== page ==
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Jonathan—“It Was With God That He Worked”

Jonathan—“It Was With God That He Worked”

 Jonathan​—“It Was With God That He Worked”

THE son of Israel’s first king visits an outlaw in hiding. “Do not be afraid,” he tells the fugitive, “for the hand of Saul my father will not find you, and you yourself will be king over Israel, and I myself shall become second to you.”​—1 Samuel 23:17.

The visitor is Jonathan; the fugitive, David. Had it not been for Jonathan’s death soon thereafter, it is possible that he would have become David’s right-hand man.

Jonathan’s friendship with David was remarkable. In fact, Jonathan was a remarkable man. His contemporaries thought so too, for they said of him: “It was with God that he worked.” (1 Samuel 14:45) Why did they say this? What qualities did Jonathan have? And of what relevance is his life story to you?

Israelites “in Sore Straits”

When the Bible introduces Jonathan, the Israelites are “in sore straits.” The Philistines had pillaged their land and prevented them from defending themselves.​—1 Samuel 13:5, 6, 17-19.

Jehovah stated, however, that he would not desert his people, and Jonathan was confident of that. It was concerning his father, Saul, that God had said: “He must save my people from the hand of the Philistines.” Jonathan trusted that statement. He himself had already led 1,000 poorly armed Israelites to victory over the Philistines. Now he wanted to eliminate the Philistine threat completely.​—1 Samuel 9:16; 12:22; 13:2, 3, 22.

A Daring Raid

Jonathan targeted a Philistine outpost near the ravine pass of Michmash. (1 Samuel 13:23) To reach it, he would have to climb, using “his hands and his feet.” That did not deter him. Jonathan decided to attack with his armor-bearer alone and told him: “Perhaps Jehovah will work for us, for there is no hindrance to Jehovah to save by many or by few.”​—1 Samuel 14:6, 13.

The two Israelites sought a sign from Jehovah. They would show themselves to the men at the outpost. If the Philistines said: “Stand still until we make contact with you!” Jonathan and his armor-bearer would not go up to them. But if the enemies said: “Come up against us!” that would mean that Jehovah would give Jonathan and his armor-bearer the victory. If Jonathan was sure of God’s support, he intended to go up to the outpost to fight.​—1 Samuel 14:8-10.

What could two men do against the soldiers of a whole outpost? Well, did Jehovah not help Judge Ehud when he led Israel against Moab? Was God not with Shamgar, enabling him to strike down 600 Philistines with a cattle goad? And did Jehovah not empower Samson in his single-handed exploits against the Philistines? Jonathan trusted that God would help him too.​—Judges 3:12-31; 15:6-8, 15; 16:29, 30.

On seeing the two Israelites, the Philistines shouted: “Come on up to us, and we will let you know a thing!” Jonathan and his armor-bearer did go up. Courageously, they attacked and killed about 20 of the enemy soldiers, throwing the outpost into panic. Perhaps the Philistines imagined that many Israelite warriors were following the first two. Thereafter, “a trembling occurred . . . among all the people of the outpost,” says the account, “and the earth began quaking, and it developed into a trembling from God.” Because  of the divinely sent earthquake, turmoil spread among the Philistines, so that “the sword of each one [came] to be against his fellowman.” When Israel’s troops saw this, they took courage. Joined by Israelites who had been in hiding and those who had sided with the Philistines, “they kept striking down the Philistines from Michmash to Aijalon.”​—1 Samuel 14:11-23, 31.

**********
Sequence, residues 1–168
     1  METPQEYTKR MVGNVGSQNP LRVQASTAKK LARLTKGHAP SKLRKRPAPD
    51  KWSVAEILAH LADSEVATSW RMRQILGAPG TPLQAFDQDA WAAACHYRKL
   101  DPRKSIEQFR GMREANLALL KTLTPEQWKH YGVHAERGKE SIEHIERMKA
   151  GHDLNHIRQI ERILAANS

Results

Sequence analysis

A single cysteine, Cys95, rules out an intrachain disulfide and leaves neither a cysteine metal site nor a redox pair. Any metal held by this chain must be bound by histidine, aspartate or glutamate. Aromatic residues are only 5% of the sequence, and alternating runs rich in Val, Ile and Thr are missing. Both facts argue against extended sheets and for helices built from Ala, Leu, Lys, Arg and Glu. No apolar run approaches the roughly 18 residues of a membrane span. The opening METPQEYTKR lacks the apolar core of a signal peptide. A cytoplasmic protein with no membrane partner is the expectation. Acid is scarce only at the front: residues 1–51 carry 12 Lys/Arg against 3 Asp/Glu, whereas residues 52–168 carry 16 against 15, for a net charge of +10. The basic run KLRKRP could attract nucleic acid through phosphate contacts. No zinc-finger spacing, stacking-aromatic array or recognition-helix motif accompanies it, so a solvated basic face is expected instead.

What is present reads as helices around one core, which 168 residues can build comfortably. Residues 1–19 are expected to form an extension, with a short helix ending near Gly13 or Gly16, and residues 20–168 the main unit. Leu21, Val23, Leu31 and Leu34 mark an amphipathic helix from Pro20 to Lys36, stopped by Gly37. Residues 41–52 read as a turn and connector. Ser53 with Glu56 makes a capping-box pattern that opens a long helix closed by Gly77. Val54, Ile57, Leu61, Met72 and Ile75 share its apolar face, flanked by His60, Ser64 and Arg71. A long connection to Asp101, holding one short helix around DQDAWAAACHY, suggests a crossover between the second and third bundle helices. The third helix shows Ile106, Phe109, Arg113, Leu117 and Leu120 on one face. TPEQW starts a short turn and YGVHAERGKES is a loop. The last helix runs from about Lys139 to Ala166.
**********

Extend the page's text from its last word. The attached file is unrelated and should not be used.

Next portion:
Redeemed by the People

King Saul unwisely imposed a curse on any of his soldiers who ate before the battle had been won. For some reason, Jonathan was unaware of this. Jonathan did eat. He dipped his rod into a honeycomb and ate some honey. Apparently, that gave him renewed vigor to finish the fight.​—1 Samuel 14:24-27.

Upon learning that Jonathan had eaten, Saul decreed that he should die. Jonathan did not shrink from death. “Here I am! Let me die!” he said. “But the people said to Saul: ‘Is Jonathan to die, who has performed this great salvation in Israel? It is unthinkable! As Jehovah is alive, not as much as a single hair of his head will fall to the earth; for it was with God that he worked this day.’ With that the people redeemed Jonathan, and he did not die.”​—1 Samuel 14:38-45.

A present-day servant of God does not fight in literal wars, but there may be times in your life when you too need faith and courage. It may be hard to do what is right when everyone around you is doing wrong. Jehovah, however, will strengthen you and bless your desire to uphold his righteous standards. You may need courage to undertake some privilege of service within Jehovah’s organization, such as expanding your ministry, accepting new privileges, or moving to serve where the need for Kingdom proclaimers is greater. You may wonder whether you are up to the challenge. Be assured, though, that you are doing a fine thing if you make yourself available so that Jehovah can use you in a way he considers appropriate. Remember Jonathan! “It was with God that he worked.”